Urban gardens are a form of self-provisioning, leisure and activist practice that is cropping up in cities around the world (Mougeot 2010). We present the history and contemporary terrain of Lisbon’s urban gardens and discuss the cultural values that gardeners attach to the practice of growing food in interstitial urban spaces. We present initial findings from our research with an urban gardeners’ association as it attempts to transform informal or clandestine garden spaces into an ‘urban agricultural park’. This coalition of gardeners from diverse socioeconomic and ethnic backgrounds is reclaiming land and using a participatory design process to create a shared space. They hope to grow vegetables and to re-grow ‘community’ by forging shared experiences in the neighbourhood. We describe how we used Photovoice as a process for exploring residents’ motivations in planting informal and community gardens on public land. What visions of sustainability and the contemporary city emerge from the practice of urban gardening? What kinds of urban gardening practices produce ‘communities of practice’ that cross ethnic, socioeconomic, and generational lines? The Photovoice approach allowed us to examine how gardeners conceptualise their use of urban space as they build new civic identities around gardening and make political claims to gain access and control over vacant land.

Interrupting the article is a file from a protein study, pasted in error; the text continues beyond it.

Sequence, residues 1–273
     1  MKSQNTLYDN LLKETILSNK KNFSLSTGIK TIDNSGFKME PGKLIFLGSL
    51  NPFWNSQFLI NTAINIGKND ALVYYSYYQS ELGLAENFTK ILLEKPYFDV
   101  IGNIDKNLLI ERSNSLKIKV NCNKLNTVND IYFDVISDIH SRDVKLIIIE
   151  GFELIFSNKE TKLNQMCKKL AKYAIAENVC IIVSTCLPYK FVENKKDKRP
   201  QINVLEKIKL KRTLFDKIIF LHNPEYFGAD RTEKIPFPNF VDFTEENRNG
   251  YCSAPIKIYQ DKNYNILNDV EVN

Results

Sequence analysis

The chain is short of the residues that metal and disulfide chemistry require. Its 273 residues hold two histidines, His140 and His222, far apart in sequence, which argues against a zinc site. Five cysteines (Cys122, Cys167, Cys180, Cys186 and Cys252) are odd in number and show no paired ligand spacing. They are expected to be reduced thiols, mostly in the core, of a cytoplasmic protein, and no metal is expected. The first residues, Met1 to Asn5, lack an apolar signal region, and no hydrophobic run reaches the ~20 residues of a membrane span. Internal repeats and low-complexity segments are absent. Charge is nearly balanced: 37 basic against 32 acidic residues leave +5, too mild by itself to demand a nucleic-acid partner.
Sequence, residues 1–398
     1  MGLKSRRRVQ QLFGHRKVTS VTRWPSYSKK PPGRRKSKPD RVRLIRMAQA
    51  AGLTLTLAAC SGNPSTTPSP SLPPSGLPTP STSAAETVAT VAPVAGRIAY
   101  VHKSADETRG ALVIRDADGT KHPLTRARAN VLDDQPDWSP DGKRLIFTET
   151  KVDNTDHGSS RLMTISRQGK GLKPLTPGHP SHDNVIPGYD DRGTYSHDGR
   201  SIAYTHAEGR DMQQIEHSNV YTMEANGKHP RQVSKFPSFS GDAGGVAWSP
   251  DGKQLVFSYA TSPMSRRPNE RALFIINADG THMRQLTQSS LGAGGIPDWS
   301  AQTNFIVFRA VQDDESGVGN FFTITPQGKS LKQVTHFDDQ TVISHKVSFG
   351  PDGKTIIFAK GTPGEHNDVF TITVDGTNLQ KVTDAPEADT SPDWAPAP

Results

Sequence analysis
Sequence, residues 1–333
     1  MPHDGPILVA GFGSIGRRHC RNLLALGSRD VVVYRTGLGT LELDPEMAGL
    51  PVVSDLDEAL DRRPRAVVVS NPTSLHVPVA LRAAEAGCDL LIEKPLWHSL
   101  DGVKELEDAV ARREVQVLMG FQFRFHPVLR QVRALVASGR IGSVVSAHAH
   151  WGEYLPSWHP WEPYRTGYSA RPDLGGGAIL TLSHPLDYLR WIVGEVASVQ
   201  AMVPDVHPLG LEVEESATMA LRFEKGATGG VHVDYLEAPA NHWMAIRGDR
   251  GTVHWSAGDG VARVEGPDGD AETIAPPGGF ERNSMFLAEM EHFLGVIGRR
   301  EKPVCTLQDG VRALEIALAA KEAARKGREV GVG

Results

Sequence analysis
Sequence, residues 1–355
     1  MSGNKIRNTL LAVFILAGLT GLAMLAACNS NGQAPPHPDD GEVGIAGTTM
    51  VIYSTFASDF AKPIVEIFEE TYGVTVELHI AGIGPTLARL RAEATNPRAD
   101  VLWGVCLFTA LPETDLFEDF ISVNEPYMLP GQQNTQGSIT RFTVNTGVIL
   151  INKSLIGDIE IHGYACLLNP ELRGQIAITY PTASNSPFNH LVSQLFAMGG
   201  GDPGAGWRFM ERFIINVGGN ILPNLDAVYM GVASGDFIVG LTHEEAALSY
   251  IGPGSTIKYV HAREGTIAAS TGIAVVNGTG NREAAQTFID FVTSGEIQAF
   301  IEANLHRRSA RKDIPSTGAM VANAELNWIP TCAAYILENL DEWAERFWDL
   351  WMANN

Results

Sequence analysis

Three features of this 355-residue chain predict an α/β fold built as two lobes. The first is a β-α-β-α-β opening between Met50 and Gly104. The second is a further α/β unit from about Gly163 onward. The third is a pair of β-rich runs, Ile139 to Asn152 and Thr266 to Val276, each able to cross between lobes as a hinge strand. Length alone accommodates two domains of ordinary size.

One of the most innovative proposals of the Good Friday Agreement of April 1998 struck between the British and Irish governments was, I believe, the new ‘Council of Isles’. What this effectively acknowledges is that the citizens of Britain and Ireland are inextricably bound up with each other – mongrel islanders from East to West sharing an increasingly common civic and economic space. In addition to the obvious contemporary overlapping of our sports and popular cultures, it is worth recalling just how much of our respective histories were shared: from the Celtic, Viking and Norman settlements to our more recent entry to the European community. For millennia the Irish sea served as a waterway connecting our two islands, only rarely as a cordon sanitaire keeping us apart. And this is even truer in our own time with over 25 000 trips being made daily across the Irish sea, in both directions. It is not surprising that over eight million citizens of the United Kingdom today claim Irish origin, with over four million of these having an Irish parent. Indeed a recent survey shows only 6 per cent of British people consider Irish people living in Britain to be foreigners. And we don’t need reminding that almost a quarter of the inhabitants of the island of Ireland claim to be at least part British.